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The Heirs of Vijayanagara: Court Politics in Early Modern South India by Lennart Bes is a comparative study investigating court politics in four kingdoms that succeeded the south Indian Vijayanagara empire during the 16th to 18th centuries: Ikkeri, Tanjavur, Madurai, and Ramnad. Building on a combination of unexplored Indian texts and Dutch archival records, this research offers a new analysis of political culture, power relations, and dynastic developments.
The monograph provides detailed facts and insights that contest existing scholarship. By highlighting their competitive, fluid, and dynamic nature, it undermines the historiography viewing these courts as harmonic, hierarchic, and static. Far from being remote, ritualised figures, we find kings and Brahmins contesting with other courtiers for power. At the same time, by stressing continuities with the past, this study questions recent scholarship that perceives a fundamentally new form of Nayaka kingship. Thus, this research has important repercussions for the way we perceive both these kingdoms and their ‘medieval’ precursors.
In this session Anirudh Kanisetti will be in conversation with the author Lennart Bes. The conversation will be followed by a Q&A session with the audience.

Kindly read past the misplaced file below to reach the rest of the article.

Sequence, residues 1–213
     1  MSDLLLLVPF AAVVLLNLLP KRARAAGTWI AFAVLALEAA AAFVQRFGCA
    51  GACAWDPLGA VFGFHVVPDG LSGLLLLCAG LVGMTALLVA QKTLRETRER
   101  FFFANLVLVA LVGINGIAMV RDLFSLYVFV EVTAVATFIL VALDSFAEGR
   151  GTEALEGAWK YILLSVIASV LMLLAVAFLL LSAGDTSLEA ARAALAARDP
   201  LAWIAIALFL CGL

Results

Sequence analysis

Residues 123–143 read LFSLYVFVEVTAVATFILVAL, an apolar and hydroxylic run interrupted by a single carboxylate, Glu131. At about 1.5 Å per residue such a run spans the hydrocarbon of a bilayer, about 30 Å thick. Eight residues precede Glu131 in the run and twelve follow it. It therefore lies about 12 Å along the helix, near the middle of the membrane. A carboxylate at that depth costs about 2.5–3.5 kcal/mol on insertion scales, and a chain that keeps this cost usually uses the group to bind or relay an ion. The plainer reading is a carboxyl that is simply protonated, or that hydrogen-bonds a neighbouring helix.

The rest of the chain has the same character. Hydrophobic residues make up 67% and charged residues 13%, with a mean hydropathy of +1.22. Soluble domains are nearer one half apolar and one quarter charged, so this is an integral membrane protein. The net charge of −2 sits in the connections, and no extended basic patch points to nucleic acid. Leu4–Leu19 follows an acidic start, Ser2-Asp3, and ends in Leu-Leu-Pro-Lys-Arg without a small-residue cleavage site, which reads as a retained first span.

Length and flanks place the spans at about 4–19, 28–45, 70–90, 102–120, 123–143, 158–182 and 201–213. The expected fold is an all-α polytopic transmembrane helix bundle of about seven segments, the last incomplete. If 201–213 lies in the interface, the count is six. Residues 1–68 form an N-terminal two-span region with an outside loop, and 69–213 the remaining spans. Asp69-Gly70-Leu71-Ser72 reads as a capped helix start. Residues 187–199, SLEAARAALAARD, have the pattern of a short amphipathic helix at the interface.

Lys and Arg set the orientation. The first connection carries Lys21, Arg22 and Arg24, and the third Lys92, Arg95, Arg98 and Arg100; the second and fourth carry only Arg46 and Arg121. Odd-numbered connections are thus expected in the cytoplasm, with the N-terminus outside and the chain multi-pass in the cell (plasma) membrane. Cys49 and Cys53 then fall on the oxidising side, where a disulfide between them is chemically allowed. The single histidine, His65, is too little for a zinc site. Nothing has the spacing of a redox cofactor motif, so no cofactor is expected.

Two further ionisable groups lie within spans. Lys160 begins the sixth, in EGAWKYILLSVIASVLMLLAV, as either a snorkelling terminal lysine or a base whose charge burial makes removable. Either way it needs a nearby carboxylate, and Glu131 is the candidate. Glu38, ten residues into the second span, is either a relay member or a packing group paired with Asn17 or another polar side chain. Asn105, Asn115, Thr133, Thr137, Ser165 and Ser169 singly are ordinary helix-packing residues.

Lennart Bes is an historian and Indologist studying political culture in south India. He published The Heirs of Vijayanagara: Court Politics in Early Modern South India (Leiden University Press, 2022) and several articles in scholarly journals. He has been teaching Asian history, Dutch overseas history, and archival studies at Leiden University and the University of Tokyo. In the past he was employed at the Netherlands National Archives, where he worked with the records of the Dutch East India Company (VOC) and co-authored three archival guides in the series Dutch Sources on South Asia c. 1600-1825 (Manohar Publishers, 2001-15).
Anirudh Kanisetti is the author of Lords of the Deccan, a new history of medieval South India. He is currently Editor at the Museum of Art and Photography. He has received grants from the Princeton Center for Digital Humanities and the India Foundation for the Arts, and his writings and work have been featured in The Hindu, The New Indian Express, and LiveMint, among others. He writes the fortnightly Thinking Medieval column for ThePrint, and the History, Southside column for The Hindustan Times. He hosts two critically acclaimed podcasts – Echoes of India and Yuddha.